A refugee in Congress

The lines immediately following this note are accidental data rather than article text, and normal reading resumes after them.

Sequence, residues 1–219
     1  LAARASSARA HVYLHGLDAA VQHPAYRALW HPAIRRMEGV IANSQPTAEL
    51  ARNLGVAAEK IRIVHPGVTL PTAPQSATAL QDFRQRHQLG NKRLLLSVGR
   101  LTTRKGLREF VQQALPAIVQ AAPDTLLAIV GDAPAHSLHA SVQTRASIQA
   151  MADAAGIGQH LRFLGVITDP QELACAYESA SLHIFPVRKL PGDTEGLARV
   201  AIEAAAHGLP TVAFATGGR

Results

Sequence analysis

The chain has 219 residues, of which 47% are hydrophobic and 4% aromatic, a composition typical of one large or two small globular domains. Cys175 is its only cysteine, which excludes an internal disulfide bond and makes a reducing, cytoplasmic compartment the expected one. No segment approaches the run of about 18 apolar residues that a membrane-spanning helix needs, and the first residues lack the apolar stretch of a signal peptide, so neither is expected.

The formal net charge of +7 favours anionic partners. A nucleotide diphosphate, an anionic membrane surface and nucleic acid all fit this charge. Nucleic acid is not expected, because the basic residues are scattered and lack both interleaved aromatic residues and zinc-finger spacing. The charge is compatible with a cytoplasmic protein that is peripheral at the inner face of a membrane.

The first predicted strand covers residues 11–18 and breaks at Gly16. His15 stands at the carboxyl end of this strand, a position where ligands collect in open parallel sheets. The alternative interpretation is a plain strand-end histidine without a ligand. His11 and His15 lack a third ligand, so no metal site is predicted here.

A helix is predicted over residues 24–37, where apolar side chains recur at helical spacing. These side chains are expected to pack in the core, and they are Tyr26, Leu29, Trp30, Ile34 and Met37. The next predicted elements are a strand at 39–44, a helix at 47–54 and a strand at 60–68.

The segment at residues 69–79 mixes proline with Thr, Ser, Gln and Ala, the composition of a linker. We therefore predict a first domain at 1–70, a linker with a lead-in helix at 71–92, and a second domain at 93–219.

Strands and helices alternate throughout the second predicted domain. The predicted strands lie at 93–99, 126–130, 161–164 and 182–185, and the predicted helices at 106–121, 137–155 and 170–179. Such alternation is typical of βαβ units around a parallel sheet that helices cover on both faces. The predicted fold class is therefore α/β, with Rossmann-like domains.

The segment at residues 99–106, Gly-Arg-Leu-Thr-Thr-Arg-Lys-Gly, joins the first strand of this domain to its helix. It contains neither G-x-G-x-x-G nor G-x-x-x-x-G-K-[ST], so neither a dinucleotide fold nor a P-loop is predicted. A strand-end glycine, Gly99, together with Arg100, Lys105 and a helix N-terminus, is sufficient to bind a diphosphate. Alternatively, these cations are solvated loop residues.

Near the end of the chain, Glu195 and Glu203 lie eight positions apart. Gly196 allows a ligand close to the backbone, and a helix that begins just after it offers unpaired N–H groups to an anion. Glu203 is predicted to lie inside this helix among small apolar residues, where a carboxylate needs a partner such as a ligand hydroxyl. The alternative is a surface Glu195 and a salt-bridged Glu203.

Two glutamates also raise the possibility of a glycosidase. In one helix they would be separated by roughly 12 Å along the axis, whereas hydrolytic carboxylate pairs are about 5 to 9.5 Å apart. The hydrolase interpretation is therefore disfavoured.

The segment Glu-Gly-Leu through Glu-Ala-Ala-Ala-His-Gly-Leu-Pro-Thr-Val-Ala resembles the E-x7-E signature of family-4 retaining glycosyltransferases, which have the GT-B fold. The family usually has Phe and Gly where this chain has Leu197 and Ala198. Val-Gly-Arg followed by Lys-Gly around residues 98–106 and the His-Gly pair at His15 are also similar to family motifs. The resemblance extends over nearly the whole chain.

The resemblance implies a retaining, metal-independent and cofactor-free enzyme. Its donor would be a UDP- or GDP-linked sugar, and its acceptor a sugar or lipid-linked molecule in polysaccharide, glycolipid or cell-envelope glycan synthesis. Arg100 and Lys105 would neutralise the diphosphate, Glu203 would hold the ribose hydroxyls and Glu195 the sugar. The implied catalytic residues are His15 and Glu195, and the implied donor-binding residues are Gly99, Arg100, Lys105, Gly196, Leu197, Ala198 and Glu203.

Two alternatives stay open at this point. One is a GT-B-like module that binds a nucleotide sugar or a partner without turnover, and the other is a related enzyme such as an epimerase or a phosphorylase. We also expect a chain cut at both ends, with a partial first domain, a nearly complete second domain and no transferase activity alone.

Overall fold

Ilhan Omar wasn’t fazed by her rough few first months as a congresswoman, said Benjamin Wallace-Wells in The New Yorker. The outspoken Minnesota Democrat was widely criticized by both Republicans and Democrats for comments about congressional support for Israel, but she’s accustomed to adversity: She was a child in Somalia when a brutal civil war broke out in 1991 and vividly recalls hiding as mortar rounds exploded around her family’s home. That experience has a lot to do with her passionate opposition to conflict and violence. “I have PTSD around, like, guns and ammunition and bombs,” Omar, 37, says. “I see conflict that has violence, and I think deeply about what the little children are going through. What we seek to do is good. But what we end up doing is causing hurt and furthering human suffering.” The youngest of seven children, she was born into a prominent family in Mogadishu, but the war forced them to flee to a Kenyan refugee camp. The family lived in that camp for four years before moving to the U.S. After the Sept. 11 attacks, she began wearing a hijab as an expression of her cultural identity, as opposed to a religious awakening. This year she became the first woman to wear the head covering on the House floor. “I don’t have a way of making myself less threatening as a black person, as a black woman, as a Muslim person,” she says. “And so it is just living with the reality that there are people who will see you as a threat.”